When my son, Isaac, who is diagnosed with autism, was three years old, he went to a therapeutic school which was focused on teaching sign language. He caught on pretty quickly and had about a half dozen signs by the time he left the school at age four. We transferred him to a behavioral school because we wanted him to benefit from Applied Behavioral Analysis (ABA), a method that the previous school refused to use. The director of the new school said that sign language was “not practical because nobody working in adult services understands sign language.” They started Isaac on a communication board. Within a matter of months his signing went into extinction and at the end of the year, he was not using the communication board properly either.
Isaac is now 28 years old and is in adult services. There is a young lady in his group home who signs, and I believe that she has hundreds of signs. The direct care staff in adult services made a concerted effort to learn sign language, and they communicate wonderfully with her. The efforts that the group home staff made to learn sign may not be the case everywhere, but all forms of augmentation communication require some effort on the part of the direct care staff.
Oral Speech is Your First Choice
When my son arrived at the behavioral school, his speech plan was to imitate three sounds. He passed that with flying colors. I remember being in shock when the teacher and speech therapist told me that since he was already five years old and had not started to talk fluently, they were going to concentrate on the communication board and forego oral speech goals. They assured me that studies have shown that using a communication board facilitated oral speech. While that may be true, I highly doubt that redirecting a child to a communication board time every time he tries to speak or sign actually facilitates oral speech (which is what they actually did).
Several years later Isaac transferred to another behavioral school. This school used some flash cards about fifteen minutes a day for about six months before they determined that working on oral speech was a waste of time.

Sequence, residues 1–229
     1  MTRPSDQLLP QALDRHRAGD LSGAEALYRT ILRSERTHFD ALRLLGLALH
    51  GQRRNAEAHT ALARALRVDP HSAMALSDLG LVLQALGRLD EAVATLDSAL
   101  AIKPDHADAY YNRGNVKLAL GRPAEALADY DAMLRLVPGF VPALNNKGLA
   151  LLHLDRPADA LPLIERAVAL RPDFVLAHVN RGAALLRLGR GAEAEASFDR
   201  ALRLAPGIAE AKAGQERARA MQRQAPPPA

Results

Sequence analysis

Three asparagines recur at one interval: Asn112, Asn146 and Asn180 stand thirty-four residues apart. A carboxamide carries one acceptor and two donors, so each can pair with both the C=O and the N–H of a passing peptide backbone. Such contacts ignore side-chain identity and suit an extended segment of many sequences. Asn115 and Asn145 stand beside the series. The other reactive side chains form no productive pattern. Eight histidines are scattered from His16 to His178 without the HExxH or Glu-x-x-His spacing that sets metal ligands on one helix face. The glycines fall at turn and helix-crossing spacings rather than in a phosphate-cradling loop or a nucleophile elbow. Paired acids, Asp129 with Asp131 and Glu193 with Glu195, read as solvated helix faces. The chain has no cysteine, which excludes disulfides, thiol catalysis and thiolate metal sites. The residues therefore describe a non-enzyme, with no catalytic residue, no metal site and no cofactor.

All Forms of Augmentative Communication Require Effort
In Isaac’s early years he needed to be taught everything. He did not just pick up information in his environment. That changed as he matured. Back when he was younger I wondered why anyone would think that imitating a few sounds or doing a few flash cards would produce oral language in a child so impaired. I knew back then that my son needed a comprehensive system for language learning. This comprehensive system needed to take into account the function of language and needed to be intense. Working five to fifteen minutes a day on an oral speech goal would not work. This would require many hours. But where was such a system? I had expected the professionals to produce this, but they didn’t.
The Verbal Behaviour Approach
Then I went to hear Dr. Vincent Carbone speak about Verbal Behavior. Verbal Behavior is an ABA technique used specifically to teach language to children with autism and other communication issues. These techniques are based on a book titled Verbal Behavior by B.F. Skinner. This book inspected human behavior in terms of language. It described what is traditionally called linguistics. Skinner had a behavioral viewpoint in terms of how he thought language was developed. This was and still is controversial. At the time Skinner’s book was published, it drew sharp criticism from the linguist, Noam Chomsky.